2014 Victory Vegas 8-Ball TestThe phrase “less is more” is certainly a well-worn cliché. However, in the case of the 2014 Victory Vegas 8-Ball, the cliché becomes a fact. It is the least expensive motorcycle in the Victory lineup at $12,499, yet it may be the best choice for the buyer who is focused on riding above all else.
The Vegas 8-Ball is stripped down to the basics, which is the hallmark of the various 8-Ball bikes in the Victory lineup. Regardless, the Vegas retains Victory’s signature Freedom 106/6 powerplant, so you get all the power you pay for in Victory’s premium offerings. In this case, we’re talking 110 ft.-lb. of torque at peak output – serious grunt.Hop on the 2014 Victory Vegas 8-Ball and you are rewarded with a truly natural riding position, thanks to pulled back bars and moderately forward pegs. The solo seat supports you nicely, and it’s low to the ground – just over 25 inches above tarmac.The Vegas 8-Ball weighs in at a claimed 638 pounds dry, making it the lightest of the Victory cruisers. At a rest or in action, the Vegas 8-Ball does not feel heavy. The ergonomics and low center of gravity conspire to disguise the mass of the tallish motor, which features an overhead cam and four valves in each cylinder, and 108mm stroke (the bore sits at 101mm). Up front, a 21-inch Dunlop Elite 3 keeps the steering light, and the Dunlop on the rear is a reasonable 180mm, so the bike is willing to change directions.In town, you can slide between cars with ease, and roll-on power is good, but not overwhelming. To really tap into the Freedom 106/6 power, you need to let it rev a bit. The bars aren’t too wide, and the mirrors are small, so maneuverability is good. Sure, the bike isn’t short at 97-inches long (wheelbase is 67 inches), but the design of the Vegas makes it feel much smaller than it is on the spec sheet.If you take it out into hill country to your favorite watering hole, the Vegas 8-Ball is willing to go along, though most of its performance will be in a straight line. Cornering clearance is limited, and we wish the pegs were spring loaded. It’s easy to touch the feelers down, so we’d like a little resistance and pop back when they do.Working within the parameters of the cornering clearance limitations, the 2014 Victory Vegas 8-Ball has quite good handling.Bikes with 21s can have a sketchy front end, but the burly 43mm forks, high-quality Dunlop rubber and excellent seating position all make the bike feel reasonably planted in turns. The rear wheel travel is only three inches, but that’s only a problem on rough roads – on smooth turns it is fine.Winding the motor up a bit will get you moving at serious speed, so rely on the 300mm rear disc brake and let the 18-inch tire put some rubber on the road.There’s a single 300mm floating disc with a four-piston caliper up front, which is fine for the small contact patch of the 21-inch Dunlop. There’s no ABS, so you do have to pay attention on less than ideal surfaces – I did skid the rear a few times coming up to red lights at oily intersections.Freeway and highway riding is fairly comfortable. The balanced Freedom 106/6 motor never fully smooths out, so you’ll want to take breaks every now and then. After 60 miles, I was usually ready to get off and give my arms (from holding on in the wind) and legs a bit of relief. Riders with back and neck issues will be glad to know that the bike puts no pressure on those areas. The solo seat rides as good as it looks, even on hours-long tours over city streets.I had the same transmission issues with the 2014 Victory Vegas 8-Ball as I did with the 2014 Victory Judge – when in neutral at a stop, it often takes two downshifts to get into first. You get a good feel and sound as if the tranny has engaged, yet it stays in neutral. This happened often enough to be annoying, and it’s embarrassing when you’re in the front row of vehicles to not pull away smartly when the light turns green.Befitting of the bike’s 8-Ball status, everything about it is sparse but fully adequate, from the paint and styling, to the instrumentation and adornment. Having said that, the Vegas 8-Ball isn’t quite a Plain Jane machine; the wheels are top-notch and attention grabbers on the primarily blacked-out machine. The thin front fender is nice, as is the tire-hugging rear fender. Victory has a distinctive style for its headlights, and it looks great in all black on the Vegas.There really are two customers for the Vegas 8-Ball. One is the pure rider who wants a big bruising cruiser without any bells and whistles. The other would be someone looking to fully customize the bike and wants as blank a canvas as he can get. Either way, the 2014 Victory Vegas 8-Ball delivers a truly enjoyable riding experience, and that is why we get in the saddle – especially a solo perch.Photography by Kelly CallanRiding Style:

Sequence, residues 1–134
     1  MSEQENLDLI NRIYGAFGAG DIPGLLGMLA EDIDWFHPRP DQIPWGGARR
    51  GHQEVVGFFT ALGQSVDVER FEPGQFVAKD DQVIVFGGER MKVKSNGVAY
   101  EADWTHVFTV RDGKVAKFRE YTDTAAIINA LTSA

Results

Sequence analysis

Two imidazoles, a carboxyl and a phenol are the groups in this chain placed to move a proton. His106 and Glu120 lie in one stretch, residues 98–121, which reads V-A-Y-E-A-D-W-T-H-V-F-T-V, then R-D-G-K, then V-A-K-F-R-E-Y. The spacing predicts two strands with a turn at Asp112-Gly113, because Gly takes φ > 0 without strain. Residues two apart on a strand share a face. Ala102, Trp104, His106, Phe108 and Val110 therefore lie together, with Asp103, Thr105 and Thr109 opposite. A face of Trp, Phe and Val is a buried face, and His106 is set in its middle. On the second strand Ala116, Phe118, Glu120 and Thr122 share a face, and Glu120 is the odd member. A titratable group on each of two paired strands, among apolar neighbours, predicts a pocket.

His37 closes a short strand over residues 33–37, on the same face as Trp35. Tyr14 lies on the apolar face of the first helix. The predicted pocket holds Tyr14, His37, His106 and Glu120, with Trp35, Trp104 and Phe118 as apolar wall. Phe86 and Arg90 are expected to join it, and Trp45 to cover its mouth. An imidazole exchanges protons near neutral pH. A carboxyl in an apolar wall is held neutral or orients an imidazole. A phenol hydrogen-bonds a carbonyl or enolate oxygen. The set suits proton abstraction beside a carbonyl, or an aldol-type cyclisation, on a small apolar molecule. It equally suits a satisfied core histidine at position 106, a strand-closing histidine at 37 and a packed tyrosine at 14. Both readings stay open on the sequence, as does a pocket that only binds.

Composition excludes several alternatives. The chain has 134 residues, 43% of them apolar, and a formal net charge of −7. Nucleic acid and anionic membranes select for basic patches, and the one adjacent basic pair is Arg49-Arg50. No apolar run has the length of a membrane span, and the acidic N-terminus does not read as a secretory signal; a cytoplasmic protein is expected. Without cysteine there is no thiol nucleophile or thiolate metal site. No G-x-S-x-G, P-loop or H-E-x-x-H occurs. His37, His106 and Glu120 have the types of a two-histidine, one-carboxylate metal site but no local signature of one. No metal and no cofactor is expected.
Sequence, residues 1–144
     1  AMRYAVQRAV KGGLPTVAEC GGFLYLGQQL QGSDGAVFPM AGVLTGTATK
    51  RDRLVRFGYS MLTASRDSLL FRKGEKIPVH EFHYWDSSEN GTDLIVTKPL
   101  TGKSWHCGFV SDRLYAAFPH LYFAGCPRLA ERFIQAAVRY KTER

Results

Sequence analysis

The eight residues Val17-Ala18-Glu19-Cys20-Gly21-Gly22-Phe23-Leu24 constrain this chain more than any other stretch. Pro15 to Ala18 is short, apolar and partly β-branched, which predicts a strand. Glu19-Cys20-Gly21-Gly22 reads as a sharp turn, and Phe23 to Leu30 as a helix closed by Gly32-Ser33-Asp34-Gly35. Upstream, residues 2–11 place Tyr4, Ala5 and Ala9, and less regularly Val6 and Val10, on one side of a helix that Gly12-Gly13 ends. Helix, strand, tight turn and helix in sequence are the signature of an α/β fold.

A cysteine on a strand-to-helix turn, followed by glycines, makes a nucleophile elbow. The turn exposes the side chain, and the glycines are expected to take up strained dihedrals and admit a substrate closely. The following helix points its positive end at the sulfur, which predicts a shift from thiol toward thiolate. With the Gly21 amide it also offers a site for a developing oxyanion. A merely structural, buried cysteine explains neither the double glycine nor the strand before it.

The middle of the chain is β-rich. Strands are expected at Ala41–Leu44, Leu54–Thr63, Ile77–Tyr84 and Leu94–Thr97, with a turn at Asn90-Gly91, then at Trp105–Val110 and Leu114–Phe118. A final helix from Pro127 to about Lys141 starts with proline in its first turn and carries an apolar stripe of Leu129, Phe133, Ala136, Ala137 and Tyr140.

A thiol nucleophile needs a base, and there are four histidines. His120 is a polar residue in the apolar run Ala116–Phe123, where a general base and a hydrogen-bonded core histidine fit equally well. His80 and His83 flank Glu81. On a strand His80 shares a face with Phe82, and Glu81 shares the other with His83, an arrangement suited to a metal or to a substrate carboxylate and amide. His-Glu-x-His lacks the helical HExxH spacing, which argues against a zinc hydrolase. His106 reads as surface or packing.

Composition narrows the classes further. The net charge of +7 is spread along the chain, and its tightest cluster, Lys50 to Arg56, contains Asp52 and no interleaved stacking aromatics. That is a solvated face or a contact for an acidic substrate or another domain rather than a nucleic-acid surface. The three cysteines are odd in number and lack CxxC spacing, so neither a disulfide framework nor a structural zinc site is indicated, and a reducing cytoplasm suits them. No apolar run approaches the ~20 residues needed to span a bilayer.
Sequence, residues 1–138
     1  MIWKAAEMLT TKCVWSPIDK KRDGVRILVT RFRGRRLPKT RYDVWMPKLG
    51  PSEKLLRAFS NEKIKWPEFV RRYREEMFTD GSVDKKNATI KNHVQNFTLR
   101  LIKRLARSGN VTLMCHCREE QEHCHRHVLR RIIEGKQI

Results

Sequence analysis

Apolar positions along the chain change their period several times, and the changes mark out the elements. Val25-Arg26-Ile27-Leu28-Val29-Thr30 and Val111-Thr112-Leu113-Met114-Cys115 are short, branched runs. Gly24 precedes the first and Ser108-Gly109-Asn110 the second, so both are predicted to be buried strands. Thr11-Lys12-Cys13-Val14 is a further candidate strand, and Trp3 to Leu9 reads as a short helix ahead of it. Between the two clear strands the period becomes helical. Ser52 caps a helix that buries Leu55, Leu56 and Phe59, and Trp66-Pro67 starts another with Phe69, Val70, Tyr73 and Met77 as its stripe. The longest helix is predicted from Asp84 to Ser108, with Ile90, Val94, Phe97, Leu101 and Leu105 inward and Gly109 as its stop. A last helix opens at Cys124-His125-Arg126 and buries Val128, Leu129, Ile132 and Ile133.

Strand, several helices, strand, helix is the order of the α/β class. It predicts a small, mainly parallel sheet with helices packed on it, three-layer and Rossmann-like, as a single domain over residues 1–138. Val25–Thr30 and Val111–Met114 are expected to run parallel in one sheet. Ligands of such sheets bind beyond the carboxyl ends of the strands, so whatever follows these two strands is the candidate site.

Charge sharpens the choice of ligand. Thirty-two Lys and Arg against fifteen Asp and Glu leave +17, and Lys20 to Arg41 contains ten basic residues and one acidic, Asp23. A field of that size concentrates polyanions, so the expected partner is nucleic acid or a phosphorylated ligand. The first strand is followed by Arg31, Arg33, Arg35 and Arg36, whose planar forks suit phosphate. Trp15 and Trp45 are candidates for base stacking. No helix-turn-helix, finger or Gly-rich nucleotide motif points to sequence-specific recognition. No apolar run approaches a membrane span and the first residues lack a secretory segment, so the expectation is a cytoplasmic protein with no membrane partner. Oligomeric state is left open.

This week, Senior Editor Nic de Sena rides the all new Ducati Monster. Big changes have been made by Ducati–has the company ruined the considerable heritage of the iconic Monster–or are the changes worth it? In the second part of the show, we chat with Nick Ienatsch, Founder and Head Instructor at the Yamaha Champions Riding School. He says: “We aim to change your riding life by introducing you to Champions Habits: The techniques, approaches, skills, and the mindsets of the best riders in the world. These Champions Habits are the foundation of safety and consistency to whatever speed you ride, in any venue on any bike. Street riders, this is just as much for you as track riders. The best way to make safe riders is to make good riders.“ We hope you enjoy this episode!